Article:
Exactly. Once the liberal menace is dealt with, they’ll be at each other’s throats for supremacy. They can’t stand the idea of live and let live.

  44. 44
    Liberty60 says:

    The passion of the pro-immigration Republicans is weak, and only motivated by a desire to win an election.

    The passion of the anti-immigration is visceral, at the deepest root of primal rage and fear of The Other.

    And lest any be confused- Marco Rubio doesn’t mean crap to Chicanos.

  45. 45
    handsmile says:

    @Kay:

    Would you expect then that those Congressional Republicans who support immigration “reform” (viz., policies other than Arpaio’s arrest/brutalize/deport), will be vulnerable to Teahadist primary challenges in 2014?

    I deliberately have little contact with the “conservative entertainment complex,” but do you know if Fox Noise and the leading talk radio celebrities continue to spew racialist malice? Based on the theory that Fox is the public relations wing of the Republican Party, could those media vehicles be the tools by which GOP leaders cajole the rank-and-file?

  46. 46
    Jim, Foolish Literalist says:

    “I’ll give you a little straight talk,” McCain said

    Ugh, this jumped out at me. Reminds me of an old time comedian brought out for an audience who’s forgotten him, and who trots out the punch line that made him famous forty years ago and then sits and looks a little sad and confused when he doesn’t get the big laugh.

  47. 47
    Kay says:

    @handsmile:

    I don’t know. My take during that period was really local. Republicans were telling me that Democrats would oppose immigration law that included “amnesty” and I wasn’t hearing that at all. The truth is local Democrats just didn’t give a shit about it. They never mentioned it. ALL the interest was coming from Republicans. So it was another one of those weird disconnects, akin to 2012, where they were all telling me Democrats were going to vote for Romney, because… he was from Massachusetts, or something. They were convinced there was going to be this mass local exodus from Obama. Again with the silent majority stuff. I just think those two things, immigration opposition and Obama-hate, were really, really potent on the Right and they convinced themselves that “intensity” = huge majority. It happens with activists, but it seems to be happening a lot with conservative activists.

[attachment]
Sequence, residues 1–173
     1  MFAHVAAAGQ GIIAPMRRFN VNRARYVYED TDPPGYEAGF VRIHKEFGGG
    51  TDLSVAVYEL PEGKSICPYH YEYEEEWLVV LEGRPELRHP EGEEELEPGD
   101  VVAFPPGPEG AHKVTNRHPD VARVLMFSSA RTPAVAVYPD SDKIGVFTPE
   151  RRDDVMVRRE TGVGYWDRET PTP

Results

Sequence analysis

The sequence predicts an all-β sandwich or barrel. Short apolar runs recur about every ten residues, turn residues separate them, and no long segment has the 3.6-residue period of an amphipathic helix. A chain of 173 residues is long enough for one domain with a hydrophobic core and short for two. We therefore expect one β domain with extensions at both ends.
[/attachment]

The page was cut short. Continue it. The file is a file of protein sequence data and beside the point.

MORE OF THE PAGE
48. 48
    MattF says:

    It’s just hard to take wingers seriously when they try to cuddle up to Hispanics. The thought process is practically visible as a rolling animated caption on their foreheads… Hispanics… Catholic… Conservative.. Votes!!!

  49. 49
    Trakker says:

    I’m continually amazed at how insulated white rural conservatives have become from the rest of the country. Of course they work hard at it, refusing to read or watch any news sources that might inject uncomfortable facts into what they want to believe (and that’s the key isn’t it? They aren’t looking for truth, just validation.)

    They were shocked when Obama won the 2012 election. I have a feeling they are in for many more shocks before they finally retreat and decide to ignore politics and the world.

    They will never change their biases and fantasies until they die.

  50. 50
    Jay C says:

    @handsmile:

    Would you expect then that those Congressional Republicans who support immigration “reform” (viz., policies other than Arpaio’s arrest/brutalize/deport), will be vulnerable to Teahadist primary challenges in 2014?

    Probably not: any GOP Congressperson or Senator from a district where the constituency is anti-immigration enough for it to be a major factor is most likely going to vote “no” on any sort of real reform bill in any case. And in areas where the issue isn’t a big deal, a “yes” vote won’t be much of negative, almost by definition.

    And besides, I have a feeling that by the next election, the Tea Party is likely to be very much “yesterday’s news”: the rabid “base” isn’t, of course, going to go away completely or moderate its extremist positions: IMHO though, as time goes by, the extremism of the TP and its enablers is just going to look more and more out-of-the-mainstream, (helped, I think, by the absence of the media attention that fueled the “movement” in the first place) – and thus, able to be ignored by a larger percentage of Republican officeholders.

  51. 51
    cckids says:

    @Kristin:

    conservatives’ position on Hispanics/Latinos is that they’re all illegal immigrants who are ruining the economy by illegally obtaining welfare benefits and getting free healthcare in emergency rooms.